Union Tribune

April 7, 2003

Hawkeye tells planes where to bomb
It's Navy bridge between ground and air warriors


By OTTO KREISHER
COPLEY NEWS SERVICE

ABOARD THE CONSTELLATION The increased emphasis on providing close air support to the ground troops in Iraq has put new demands on an unusual Navy airplane that looks like it has been captured by a flying saucer.

The E-2C Hawkeyes, designed for early warning and fighter control duties over blue water and far from harm, have been operating over land, within reach of Iraqi air defenses, to help attacking aircraft find targets to bomb in front of the coalition ground forces.

"They (E-2Cs) have found that they have the ability to work to be a bridge between our aircraft delivering ordnance and the ground controllers," said Rear Adm. Barry M. Costello, commander of the Constellation battle group.

Because the Hawkeyes can stay on station over Iraq significantly longer than the fighters, "they have created the continuity in command and control facility up there," Costello said.

That can be a big help to arriving fighters, which may have enough fuel to remain in the area for minutes only.

"As such, the E-2 has been a significant enhancement in these operations," the admiral said.

The Hawkeye is one of the critical support airplanes in the carrier air wing. It is the only full-time carrier-based aircraft still driven by propellers. Those twin whirling blades, invisible at night, are one of the most feared hazards on the flight deck.

Its unique feature, and its main "weapon system," is the large, saucer-like radar dome above its fuselage. It allows the three naval flight officers who sit in the crowded rear cabin to see and direct aircraft well over 100 miles away.

The E-2Cs from the three carriers in the Persian Gulf are providing "24/7" coverage over southern Iraq, said Lt. Cmdr. William Bulis, a pilot with Airborne Early Warning Squadron 116, Constellation's Hawkeye unit.

"There's usually one on station, one going out, one coming in. It's a long way, and we're not very fast," he said.

When they arrive at their designated location, or station, they contact the various ground controllers in their assigned sector of Iraq to see who has a target, Bulis said.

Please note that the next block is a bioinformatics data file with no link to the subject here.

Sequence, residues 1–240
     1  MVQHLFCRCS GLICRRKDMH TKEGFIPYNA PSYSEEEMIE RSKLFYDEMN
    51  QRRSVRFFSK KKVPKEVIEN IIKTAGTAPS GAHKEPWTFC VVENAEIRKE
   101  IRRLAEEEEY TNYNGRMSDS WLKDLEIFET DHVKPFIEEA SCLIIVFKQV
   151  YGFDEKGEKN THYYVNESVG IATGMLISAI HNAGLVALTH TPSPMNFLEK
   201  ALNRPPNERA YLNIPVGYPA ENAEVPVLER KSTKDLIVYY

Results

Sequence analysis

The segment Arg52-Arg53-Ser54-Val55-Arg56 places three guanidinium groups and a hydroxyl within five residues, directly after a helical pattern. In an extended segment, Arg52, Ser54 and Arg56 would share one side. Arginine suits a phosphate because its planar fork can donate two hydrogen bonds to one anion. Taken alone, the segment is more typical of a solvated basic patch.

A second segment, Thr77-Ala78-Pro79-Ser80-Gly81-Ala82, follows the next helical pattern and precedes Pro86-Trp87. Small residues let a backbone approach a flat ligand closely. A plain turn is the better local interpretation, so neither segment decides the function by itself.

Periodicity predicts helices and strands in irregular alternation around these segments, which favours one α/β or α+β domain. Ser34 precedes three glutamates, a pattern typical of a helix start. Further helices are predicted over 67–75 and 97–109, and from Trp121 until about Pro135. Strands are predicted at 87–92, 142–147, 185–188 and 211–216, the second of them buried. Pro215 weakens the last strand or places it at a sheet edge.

"As they find them, we find fighters that have ordnance to put on target," Bulis said after just such a mission.

"Guys will check in with us, tell us how much time on station they have how much fuel and what weapons they have," he said, referring to the fighters. "We'll hold them as long as we can, keep them from hitting each other."

In addition to the two or three hours they can stay on station, major assets of a Hawkeye are its 10 radios, which allow the crew to talk to a lot of airplanes or ground controllers at one time.

"We're just an airborne facilitator, making things happen for the guys on the ground," Bulis said.

During the two weeks of the air war, he said, "We've talked to every kind of aircraft from every nation that has aircraft out here. We deal with everyone who has ordnance to deliver, and anyone on the ground who needs it."

Lt.jg. Chinh Doan, a naval flight officer in VAW-116 just back from controlling strikes south of Baghdad, said they had directed Air Force B-52s, F-15s and F-16s, as well as Navy F-14s and F/A-18s from both Constellation and Kitty Hawk.

"We probably reached out and touched maybe 30 aircraft," Doan said. "It was pretty busy. We had our hands full. A lot of stuff to do, a lot of people to talk to."

"We don't drop bombs, don't have any ordnance but we help by finding targets," Doan said.

Unlike the fighters they are directing, the E-2Cs have no defenses against the Iraqi anti-aircraft weapons.

"We go in armed with the knowledge of where the (anti-air) stuff is," Bulis said. "We change altitude and station a lot, stay unpredictable."

And, "we're counting on everyone else's stuff to keep us safe," he added, referring to the EA-6B radar jamming planes.

Although the risk may be higher, the Hawkeye crews like their new missions of providing support for the ground forces.

"It's very fulfilling when you help someone like our troops on the ground," Doan said. "It feels good."